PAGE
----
“If I didn’t do it, I [would] feel like I’m not using my art—because to be an artist is to have a responsibility to care about humanity,” he says.

Nairobi, Kenya

On June 3, 2020, Allan Mwangi (also known as Mr.Detail.Seven) paints a graffiti mural featuring Floyd.

Gordwin Odhiambo—AFP/Getty Images

Allan Mwangi (known as “Mr. Detail Seven, first saw the footage of Floyd’s murder in 2020, he felt a rising surge of anger about the injustice of the incident and the all-too-real threat of police brutality. The Nairobi-based artist knew it would be fruitless to just sit with this intense emotion, so he channeled it into art, creating a vibrant mural alongside his fellow artist, Bankslave, in the capital’s Kibera neighborhood.

“When I saw that video, it hit a nerve,” he tells TIME. “I thought it would be a good opportunity to express the way I feel about the whole situation by doing the mural.”

This mural is dedicated to Floyd’s life and calls attention to police brutality. In another part of the wall it shows a police officer sitting on top of an individual. Adjacent to the drawing of Floyd’s face, the Swahili word Haki, which means “justice” is painted in bold, oversized letters.

Mwangi, who reflects on the mural two-years later, feels that the police brutality issue that he sought to address with his art remains as pressing as ever. But he believes his piece has stimulated more conversation about this issue.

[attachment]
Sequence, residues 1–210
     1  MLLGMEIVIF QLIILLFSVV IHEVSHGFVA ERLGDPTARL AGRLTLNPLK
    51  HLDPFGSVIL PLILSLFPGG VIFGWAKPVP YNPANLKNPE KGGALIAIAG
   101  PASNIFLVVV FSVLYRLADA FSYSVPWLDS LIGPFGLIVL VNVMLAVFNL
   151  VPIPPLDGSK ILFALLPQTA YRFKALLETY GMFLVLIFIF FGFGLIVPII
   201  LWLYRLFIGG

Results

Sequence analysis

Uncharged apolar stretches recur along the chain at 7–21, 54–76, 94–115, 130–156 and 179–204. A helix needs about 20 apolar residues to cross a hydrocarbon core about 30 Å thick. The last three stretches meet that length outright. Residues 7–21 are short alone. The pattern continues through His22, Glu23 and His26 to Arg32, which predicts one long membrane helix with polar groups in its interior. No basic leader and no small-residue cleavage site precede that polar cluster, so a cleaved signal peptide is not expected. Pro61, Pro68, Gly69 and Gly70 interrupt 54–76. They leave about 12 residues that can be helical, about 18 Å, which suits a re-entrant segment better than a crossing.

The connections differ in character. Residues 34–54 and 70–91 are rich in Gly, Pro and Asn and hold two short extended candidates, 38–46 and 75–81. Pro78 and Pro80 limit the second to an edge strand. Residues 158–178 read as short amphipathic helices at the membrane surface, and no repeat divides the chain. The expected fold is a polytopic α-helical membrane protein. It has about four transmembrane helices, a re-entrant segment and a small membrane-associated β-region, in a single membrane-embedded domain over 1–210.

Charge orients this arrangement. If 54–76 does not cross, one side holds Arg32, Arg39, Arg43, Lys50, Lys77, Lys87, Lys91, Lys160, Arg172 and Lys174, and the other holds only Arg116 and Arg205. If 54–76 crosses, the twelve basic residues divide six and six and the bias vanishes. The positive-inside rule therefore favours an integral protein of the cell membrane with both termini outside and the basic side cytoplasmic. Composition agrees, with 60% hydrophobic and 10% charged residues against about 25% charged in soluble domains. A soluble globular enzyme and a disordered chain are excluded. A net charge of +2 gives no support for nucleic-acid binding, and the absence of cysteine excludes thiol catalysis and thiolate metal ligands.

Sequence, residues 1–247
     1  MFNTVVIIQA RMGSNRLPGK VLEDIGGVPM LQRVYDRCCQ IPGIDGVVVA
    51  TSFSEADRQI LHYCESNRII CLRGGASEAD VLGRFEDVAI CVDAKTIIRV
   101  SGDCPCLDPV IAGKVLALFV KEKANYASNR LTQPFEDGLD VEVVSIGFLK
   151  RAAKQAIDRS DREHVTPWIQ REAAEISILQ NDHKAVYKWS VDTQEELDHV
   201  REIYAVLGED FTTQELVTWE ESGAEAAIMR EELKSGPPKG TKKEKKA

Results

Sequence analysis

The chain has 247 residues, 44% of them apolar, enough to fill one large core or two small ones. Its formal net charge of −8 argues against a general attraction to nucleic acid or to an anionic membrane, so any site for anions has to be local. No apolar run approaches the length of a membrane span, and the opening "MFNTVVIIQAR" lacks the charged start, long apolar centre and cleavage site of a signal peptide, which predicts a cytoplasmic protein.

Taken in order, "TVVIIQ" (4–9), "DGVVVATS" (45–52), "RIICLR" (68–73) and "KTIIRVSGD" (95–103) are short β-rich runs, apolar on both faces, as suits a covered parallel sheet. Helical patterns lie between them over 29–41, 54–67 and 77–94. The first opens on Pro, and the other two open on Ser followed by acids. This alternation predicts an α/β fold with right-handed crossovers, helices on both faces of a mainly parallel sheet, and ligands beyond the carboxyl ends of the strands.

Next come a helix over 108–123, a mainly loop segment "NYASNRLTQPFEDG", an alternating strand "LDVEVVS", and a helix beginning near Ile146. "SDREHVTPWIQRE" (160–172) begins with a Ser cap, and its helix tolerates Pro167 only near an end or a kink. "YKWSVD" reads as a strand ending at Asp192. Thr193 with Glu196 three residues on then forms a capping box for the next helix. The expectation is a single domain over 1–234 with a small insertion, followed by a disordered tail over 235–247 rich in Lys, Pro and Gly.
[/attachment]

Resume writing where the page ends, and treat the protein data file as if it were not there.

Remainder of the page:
“I hope it’s a reminder that we are all human,” he says. “There’s no need to ever treat each other in such a way.”

Binnish in Syria

A graffiti artist Aziz Asmar has created a mural of Floyd that can be seen in a wall made of house ruins, Binnish, Idlib, Syria on June 2, 2020.

Izzeddin Idilbi—Anadolu Agency/Getty Imagesy

For Aziz Asmar, Floyd’s murder was intimately familiar, even if it happened halfway across the world. Filled with sorrow, he created a mural for Floyd on the remnants of a building that he says was a family’s kitchen before an airstrike destroyed it.

“The way he was killed, it is the same of thousands and thousands of people who were killed in the same way in Syria,” he says, speaking via an interpreter. “Our revolution is based on justice—we are against injustice totally. When George said, ‘I can’t breathe,’ I felt the same feeling and decided to draw the mural.”

Asmar, who is the instructor of art workshops for kids in Idlib (the last rebel-held area in Syria), says turning to art has allowed him to recover his humanity. This, he believes, is an universal need.

“Drawing is a world language everyone can understand,” he says. “We are all brothers around the world, and we just want peace.”